A 14-50 is quite stiff a small child should have a hard time pulling one out enough to get zapped, easy to find something to stick in if open though.
 
Nice idea. I find coins for patching openings to be quite useful. Many times I cover with silicone caulk/adhesive.

The thing that concerns me with plugs is a partially removed plug may present more danger than the holes. That’s how o always remember being zapped as a child with the Christmas lights :)

Be nice to find something like this in plastic. Or yank out the two hot prongs?

He won't be strong enough to pull it part way out for a while yet. Also his hands are too small to effectively grasp the plug. Still, he might be able to pry it out with whatever he plans to stick into the outlet. You make a very good point. It could use some sort of retention device and/or nonconductive prongs. I could probably make flat prongs from samples of countertop laminate. Or I can just 3D print an outlet plug.
 

ewoodrick

Well-Known Member
Apr 13, 2018
5,285
4,292
Buford, GA
Great idea. But this suggest that you are plugging and unplugging your UMC on a regular/daily basis. This is going to cause stress on the plug and will eventually cause issues.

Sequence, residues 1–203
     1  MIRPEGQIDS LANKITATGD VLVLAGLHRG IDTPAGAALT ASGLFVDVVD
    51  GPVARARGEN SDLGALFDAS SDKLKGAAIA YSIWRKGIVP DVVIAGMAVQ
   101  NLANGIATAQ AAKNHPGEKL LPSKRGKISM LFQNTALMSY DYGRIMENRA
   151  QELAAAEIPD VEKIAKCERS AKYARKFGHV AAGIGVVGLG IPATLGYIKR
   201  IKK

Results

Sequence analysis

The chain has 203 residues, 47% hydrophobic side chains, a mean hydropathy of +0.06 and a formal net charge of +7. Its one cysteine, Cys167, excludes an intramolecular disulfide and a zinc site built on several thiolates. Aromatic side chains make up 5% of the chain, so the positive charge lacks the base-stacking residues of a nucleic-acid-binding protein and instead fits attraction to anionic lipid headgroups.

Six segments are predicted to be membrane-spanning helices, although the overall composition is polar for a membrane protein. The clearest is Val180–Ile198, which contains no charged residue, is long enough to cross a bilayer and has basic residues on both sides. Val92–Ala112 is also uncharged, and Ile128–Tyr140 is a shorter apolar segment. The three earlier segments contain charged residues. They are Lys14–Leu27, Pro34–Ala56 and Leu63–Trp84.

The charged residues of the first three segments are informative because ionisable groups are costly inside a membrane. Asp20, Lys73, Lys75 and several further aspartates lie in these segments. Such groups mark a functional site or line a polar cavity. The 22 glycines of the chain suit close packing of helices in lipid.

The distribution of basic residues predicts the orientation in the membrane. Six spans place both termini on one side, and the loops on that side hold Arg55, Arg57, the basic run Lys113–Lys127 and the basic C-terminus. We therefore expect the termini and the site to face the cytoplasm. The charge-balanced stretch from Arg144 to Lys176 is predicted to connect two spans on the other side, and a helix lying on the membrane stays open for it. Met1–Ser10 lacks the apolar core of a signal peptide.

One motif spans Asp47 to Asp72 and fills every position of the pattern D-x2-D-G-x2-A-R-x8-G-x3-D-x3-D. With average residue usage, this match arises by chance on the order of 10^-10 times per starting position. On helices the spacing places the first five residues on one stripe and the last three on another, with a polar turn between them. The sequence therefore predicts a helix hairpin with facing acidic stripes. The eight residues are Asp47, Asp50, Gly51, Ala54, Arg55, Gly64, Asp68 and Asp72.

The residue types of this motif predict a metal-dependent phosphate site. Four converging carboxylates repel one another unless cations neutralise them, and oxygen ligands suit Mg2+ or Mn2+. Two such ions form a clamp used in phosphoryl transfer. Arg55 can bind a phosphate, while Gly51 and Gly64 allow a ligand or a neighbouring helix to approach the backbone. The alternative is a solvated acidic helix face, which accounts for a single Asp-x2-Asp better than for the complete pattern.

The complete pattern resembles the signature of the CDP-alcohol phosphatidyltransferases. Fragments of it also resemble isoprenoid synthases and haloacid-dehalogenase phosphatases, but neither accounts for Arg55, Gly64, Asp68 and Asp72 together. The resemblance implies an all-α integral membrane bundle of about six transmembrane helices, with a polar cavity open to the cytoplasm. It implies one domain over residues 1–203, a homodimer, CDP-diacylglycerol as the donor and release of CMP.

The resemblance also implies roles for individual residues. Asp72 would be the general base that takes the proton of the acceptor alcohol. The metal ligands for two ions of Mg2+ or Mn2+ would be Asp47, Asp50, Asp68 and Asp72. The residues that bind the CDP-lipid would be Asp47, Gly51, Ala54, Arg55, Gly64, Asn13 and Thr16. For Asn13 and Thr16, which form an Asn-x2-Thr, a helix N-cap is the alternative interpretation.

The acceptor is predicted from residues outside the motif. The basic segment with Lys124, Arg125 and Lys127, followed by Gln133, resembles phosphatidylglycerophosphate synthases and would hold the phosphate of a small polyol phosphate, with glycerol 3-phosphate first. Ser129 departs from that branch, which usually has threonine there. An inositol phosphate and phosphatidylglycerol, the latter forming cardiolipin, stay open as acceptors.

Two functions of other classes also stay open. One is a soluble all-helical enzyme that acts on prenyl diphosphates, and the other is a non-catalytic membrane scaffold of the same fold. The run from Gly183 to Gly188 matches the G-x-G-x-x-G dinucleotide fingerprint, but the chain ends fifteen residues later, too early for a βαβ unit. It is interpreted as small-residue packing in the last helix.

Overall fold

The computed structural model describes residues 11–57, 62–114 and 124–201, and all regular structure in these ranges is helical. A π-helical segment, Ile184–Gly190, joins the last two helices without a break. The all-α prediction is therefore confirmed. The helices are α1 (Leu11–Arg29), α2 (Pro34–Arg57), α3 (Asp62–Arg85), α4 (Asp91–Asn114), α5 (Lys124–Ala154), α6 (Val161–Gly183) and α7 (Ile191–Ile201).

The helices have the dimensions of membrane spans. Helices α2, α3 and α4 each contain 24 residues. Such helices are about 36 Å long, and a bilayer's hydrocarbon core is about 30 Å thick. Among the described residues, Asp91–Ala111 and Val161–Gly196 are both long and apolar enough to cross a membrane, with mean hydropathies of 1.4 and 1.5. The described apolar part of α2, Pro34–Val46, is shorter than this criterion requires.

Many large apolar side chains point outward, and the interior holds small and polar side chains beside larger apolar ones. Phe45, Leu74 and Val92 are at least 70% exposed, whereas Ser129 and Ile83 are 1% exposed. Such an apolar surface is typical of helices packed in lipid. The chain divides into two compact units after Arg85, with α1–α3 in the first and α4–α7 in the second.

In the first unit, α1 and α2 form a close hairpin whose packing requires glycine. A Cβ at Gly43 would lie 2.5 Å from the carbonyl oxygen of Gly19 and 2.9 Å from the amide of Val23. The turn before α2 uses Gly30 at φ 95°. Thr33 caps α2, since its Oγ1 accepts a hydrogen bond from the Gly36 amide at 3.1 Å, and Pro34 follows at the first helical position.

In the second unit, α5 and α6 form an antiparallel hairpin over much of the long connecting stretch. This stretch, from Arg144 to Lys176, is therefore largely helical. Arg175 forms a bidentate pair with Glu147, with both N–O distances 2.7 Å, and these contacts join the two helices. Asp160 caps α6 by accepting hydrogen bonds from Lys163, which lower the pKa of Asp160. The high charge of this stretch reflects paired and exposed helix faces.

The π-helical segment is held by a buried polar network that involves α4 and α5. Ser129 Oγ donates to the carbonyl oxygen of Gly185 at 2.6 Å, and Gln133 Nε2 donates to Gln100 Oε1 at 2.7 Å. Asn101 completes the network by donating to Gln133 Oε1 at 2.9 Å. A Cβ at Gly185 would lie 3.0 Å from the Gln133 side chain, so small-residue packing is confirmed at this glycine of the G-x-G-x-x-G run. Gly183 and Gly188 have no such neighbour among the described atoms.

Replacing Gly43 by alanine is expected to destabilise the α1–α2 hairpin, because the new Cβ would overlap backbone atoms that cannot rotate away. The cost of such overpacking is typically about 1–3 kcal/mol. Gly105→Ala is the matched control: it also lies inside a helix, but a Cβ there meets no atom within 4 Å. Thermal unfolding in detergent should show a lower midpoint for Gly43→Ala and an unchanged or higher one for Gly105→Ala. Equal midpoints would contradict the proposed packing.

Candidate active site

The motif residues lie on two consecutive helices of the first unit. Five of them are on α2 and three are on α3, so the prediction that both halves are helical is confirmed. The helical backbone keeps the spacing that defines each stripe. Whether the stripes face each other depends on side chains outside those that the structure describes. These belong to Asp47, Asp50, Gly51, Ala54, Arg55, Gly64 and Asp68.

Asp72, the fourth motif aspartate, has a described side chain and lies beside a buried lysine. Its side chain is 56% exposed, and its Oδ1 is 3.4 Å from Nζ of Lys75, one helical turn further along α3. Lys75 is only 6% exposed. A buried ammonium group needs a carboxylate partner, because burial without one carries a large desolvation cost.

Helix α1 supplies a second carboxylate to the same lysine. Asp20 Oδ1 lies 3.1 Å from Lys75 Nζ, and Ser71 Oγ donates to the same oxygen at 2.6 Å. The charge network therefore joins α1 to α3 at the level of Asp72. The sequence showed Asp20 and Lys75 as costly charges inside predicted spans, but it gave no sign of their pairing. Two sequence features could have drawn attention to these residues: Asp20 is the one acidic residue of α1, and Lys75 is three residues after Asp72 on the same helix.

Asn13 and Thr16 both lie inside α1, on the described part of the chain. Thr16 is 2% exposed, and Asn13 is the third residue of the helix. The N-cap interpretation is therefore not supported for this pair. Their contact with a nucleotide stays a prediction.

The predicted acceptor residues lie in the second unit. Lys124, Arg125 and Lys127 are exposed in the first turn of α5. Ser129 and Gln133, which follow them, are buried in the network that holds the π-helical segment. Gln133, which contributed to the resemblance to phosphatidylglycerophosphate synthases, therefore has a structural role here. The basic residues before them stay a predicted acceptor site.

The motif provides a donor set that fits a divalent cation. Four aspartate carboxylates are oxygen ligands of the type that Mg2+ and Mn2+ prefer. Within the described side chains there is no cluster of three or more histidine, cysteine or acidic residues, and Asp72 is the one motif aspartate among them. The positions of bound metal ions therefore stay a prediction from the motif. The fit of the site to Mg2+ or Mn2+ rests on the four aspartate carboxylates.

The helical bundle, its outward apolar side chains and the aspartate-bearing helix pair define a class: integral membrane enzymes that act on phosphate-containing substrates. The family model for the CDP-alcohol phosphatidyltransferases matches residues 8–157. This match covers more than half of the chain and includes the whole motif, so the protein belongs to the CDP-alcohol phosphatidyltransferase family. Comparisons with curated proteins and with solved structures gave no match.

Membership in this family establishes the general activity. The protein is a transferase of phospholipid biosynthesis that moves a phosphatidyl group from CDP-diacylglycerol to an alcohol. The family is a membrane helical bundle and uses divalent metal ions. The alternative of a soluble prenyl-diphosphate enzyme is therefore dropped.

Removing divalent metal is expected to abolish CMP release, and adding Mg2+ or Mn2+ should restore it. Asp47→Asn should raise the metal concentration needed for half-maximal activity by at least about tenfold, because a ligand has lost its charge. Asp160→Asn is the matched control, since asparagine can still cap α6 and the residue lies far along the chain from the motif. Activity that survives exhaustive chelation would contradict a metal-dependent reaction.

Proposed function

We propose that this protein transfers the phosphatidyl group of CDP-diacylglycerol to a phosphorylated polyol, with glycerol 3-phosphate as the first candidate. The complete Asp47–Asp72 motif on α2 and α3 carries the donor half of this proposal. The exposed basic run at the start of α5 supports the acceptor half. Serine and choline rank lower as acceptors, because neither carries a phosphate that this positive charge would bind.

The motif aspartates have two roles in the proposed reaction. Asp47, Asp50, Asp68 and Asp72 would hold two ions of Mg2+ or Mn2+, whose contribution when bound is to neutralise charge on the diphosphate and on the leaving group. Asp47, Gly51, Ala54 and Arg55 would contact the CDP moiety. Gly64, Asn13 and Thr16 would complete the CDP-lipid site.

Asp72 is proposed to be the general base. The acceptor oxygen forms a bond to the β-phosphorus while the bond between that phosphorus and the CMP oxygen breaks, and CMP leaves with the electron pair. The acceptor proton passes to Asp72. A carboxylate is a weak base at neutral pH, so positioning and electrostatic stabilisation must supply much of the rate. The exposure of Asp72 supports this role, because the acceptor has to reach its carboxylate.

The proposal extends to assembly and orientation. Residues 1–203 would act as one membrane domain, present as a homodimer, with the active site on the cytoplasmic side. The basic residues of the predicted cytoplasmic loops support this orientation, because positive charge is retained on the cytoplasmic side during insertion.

Keep the UMC plugged in, instead of the dummy plug. Also, once the grandchild sees you remove it, then they will try to as well, and you probably just made the problem worse.
 

MorrisonHiker

Well-Known Member
Moderator
Mar 8, 2015
10,731
11,007
Colorado
Kind of too late for the outlet pictured but when we had our 14-50 outlets installed, we had them put in nearly 6 feet off the floor. We recently installed the Signature WCs to replace the 14-50 outlets. We left the wiring and relocated the 14-50 outlets to the ceiling...so it would be very difficult for a child to ever access them. Also, since they aren't actively used any longer, the breakers are turned off in the breaker box.
 
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The issues you describe are specifically addressed by the Society of Automotive Engineer's J-1772 standardization committee a decade ago. The wire leading to the J-plug is not energized until after it is plugged into the car and all grounds are confirmed to be true, the car is in park, etc. Even one of the new portable EVSE's that plug into a 14-50 can be permanently mounted, so the little ones will only see parents inserting the J-plug into the socket. And of course all Tesla's come with a J-plug to Tesla socket adapter. I have two adapters, one in the car and one I permanently leave attached to my J-plug.

When my non-Tesla friends need a charge I just pull out the adapter and hand them the J-plug.
 
I don't plan to unplug the car adapter often, I doubt he'll ever see me plug or unplug the adapter from the wall.